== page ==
The most widely accepted cosmological theory explains that major spiral galaxies, like the Milky Way, formed over the past 10 billion years from less massive clumps in a process described as galactic cannibalism. Current simulations also predict that fossils of these mergers should still be detectable as huge streams of stars and dark matter in the outskirts of spiral galaxies but scant evidence outside the local group has been discovered.

      Stellar tidal streams are extremely faint and form an apparent structure that is larger than the galaxy it surrounds. Therefore, star streams are difficult to detect with large professional telescopes due to the instrument's restricted field of view and the need for exposures often exceeding the allocation time available to any one observer. However, today's best off the shelf astronomical cameras are extremely sensitive, rivaling results produced professionally just a few years ago, when they are used under dark, clear sky conditions.

      Five years ago, I was invited to collaborate with this international team using his half meter remotely controlled telescope initially located under dark skies in the south central Sacramento Mountains of New Mexico but recently moved to the California Sierra Nevada Mountains between Yosemite and King's Canyon National Parks. My instruments offer a wide field of view and their use is not limited by competition among disparate professional or academic researchers. Therefore, exposures spanning days, weeks or months yielding images with over ten or more hours of accumulated time are not only possible, but common.

      These deep images offer a front row view of activity that led to the assembly of galaxies like our own.

      This talk will explain the teamís efforts, review its findings and conclude with the release of new deep space image that represents the groupís latest evidence.

      August 12, 2011
      Foothill College , Los Altos Hills, California





  • 2011 Society for Astronomical Sciences Symposium
    • Good Science with Modest Instruments

      An ongoing collaboration between the author and an international team of professional astronomers has demonstrated the scientific potential of using modest aperture, commercially produced, semi-robotic telescopes situated under steady dark skies and affordable off-the-shelf astronomical cameras to reveal extremely dim, diffuse structures on the outskirts of distant galaxies that sheds light on galactic evolution. This presentation will share techniques, experiences and highlights of the investigations thus far.

      May 24- 26, 2011
      Northwoods Resort in Big Bear, California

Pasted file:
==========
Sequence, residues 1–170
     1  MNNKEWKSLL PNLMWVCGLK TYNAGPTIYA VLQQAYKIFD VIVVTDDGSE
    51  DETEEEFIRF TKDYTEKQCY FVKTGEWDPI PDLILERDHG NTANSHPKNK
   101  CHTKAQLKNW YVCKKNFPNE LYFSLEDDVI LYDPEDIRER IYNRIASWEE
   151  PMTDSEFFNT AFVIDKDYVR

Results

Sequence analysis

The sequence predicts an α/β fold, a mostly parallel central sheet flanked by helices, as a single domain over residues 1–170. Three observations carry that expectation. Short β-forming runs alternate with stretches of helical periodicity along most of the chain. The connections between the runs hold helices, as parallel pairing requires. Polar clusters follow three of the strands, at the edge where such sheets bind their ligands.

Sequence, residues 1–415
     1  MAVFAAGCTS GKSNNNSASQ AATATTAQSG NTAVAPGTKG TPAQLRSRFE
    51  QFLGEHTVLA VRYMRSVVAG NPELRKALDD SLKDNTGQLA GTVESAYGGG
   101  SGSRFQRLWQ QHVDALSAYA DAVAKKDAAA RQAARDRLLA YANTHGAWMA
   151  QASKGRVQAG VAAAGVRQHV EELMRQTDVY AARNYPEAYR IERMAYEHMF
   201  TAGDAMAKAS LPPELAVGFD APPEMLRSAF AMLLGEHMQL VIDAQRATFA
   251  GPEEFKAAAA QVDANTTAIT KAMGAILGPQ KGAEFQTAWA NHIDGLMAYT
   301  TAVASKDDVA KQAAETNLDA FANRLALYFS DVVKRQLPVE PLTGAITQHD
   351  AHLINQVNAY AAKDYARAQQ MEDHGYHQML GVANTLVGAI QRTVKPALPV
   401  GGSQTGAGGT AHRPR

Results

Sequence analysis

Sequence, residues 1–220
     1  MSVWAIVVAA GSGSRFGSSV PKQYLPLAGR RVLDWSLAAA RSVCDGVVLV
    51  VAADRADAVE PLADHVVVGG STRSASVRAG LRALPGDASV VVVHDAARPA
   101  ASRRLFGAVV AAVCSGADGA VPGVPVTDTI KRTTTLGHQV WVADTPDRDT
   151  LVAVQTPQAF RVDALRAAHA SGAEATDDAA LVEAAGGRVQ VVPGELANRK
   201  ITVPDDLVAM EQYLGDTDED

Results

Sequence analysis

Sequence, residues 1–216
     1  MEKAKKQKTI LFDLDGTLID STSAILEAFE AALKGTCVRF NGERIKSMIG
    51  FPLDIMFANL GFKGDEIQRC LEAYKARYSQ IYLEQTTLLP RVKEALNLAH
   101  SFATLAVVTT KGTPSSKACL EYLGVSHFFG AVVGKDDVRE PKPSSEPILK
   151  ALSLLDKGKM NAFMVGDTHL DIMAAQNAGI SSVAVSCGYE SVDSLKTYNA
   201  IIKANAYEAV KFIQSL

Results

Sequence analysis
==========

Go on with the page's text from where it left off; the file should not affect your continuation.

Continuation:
Click here for more information about the symposium.





  • 2011 CEDIC (Central European Deep Sky Imaging Conference)


    • Rivers of Stars

      According to the most widely agreed models, galaxies grew over time by merging with other galaxies. Unfortunately, direct observation of these events involving star systems outside the Local Group have eluded astronomers until recently. For the past five years, R. Jay GaBany has been collaborating with an international group of professional astronomers and astrophysicists to discover the remnants of these ancient encounters using a modest sized telescope located under very dark, clear skies in New Mexico, USA. I will describe my work with the team, explain my techniques and present the team's latest findings.

      Producing Deep Results- a processing workshop

      This workshop will discuss image capture techniques and processing methods that enable the detection of extremely faint structures hidden within astro-images and the use of color to produce dynamic pictures.

      March 18- 20, 2011
      ARS Electronica Center, Linz, Austria

      Click here for more information about the conference.



  • San Francisco Amateur Astronomers
    • The Search for Galactic Fossils

      For the past decade an international group of professional astronomers has been searching outside the local group of galaxies for ancient relics to support our understanding about galactic evolution.

      The most widely accepted cosmological theory explains that major spiral galaxies, like the Milky Way, formed over the past 10 billion years from less massive clumps in a process described as galactic cannibalism. Current simulations also predict that fossils of these mergers should still be detectable as huge streams of stars and dark matter in the outskirts of spiral galaxies but scant evidence outside the local group has been discovered.

      Stellar tidal streams are extremely faint and form an apparent structure that is larger than the galaxy it surrounds. Therefore, star streams are difficult to detect with large professional telescopes due to the instrument's restricted field of view and the need for exposures often exceeding the allocation time available to any one observer. However, today's best off the shelf astronomical cameras are extremely sensitive, rivaling results produced professionally just a few years ago, when they are used under dark, clear sky conditions.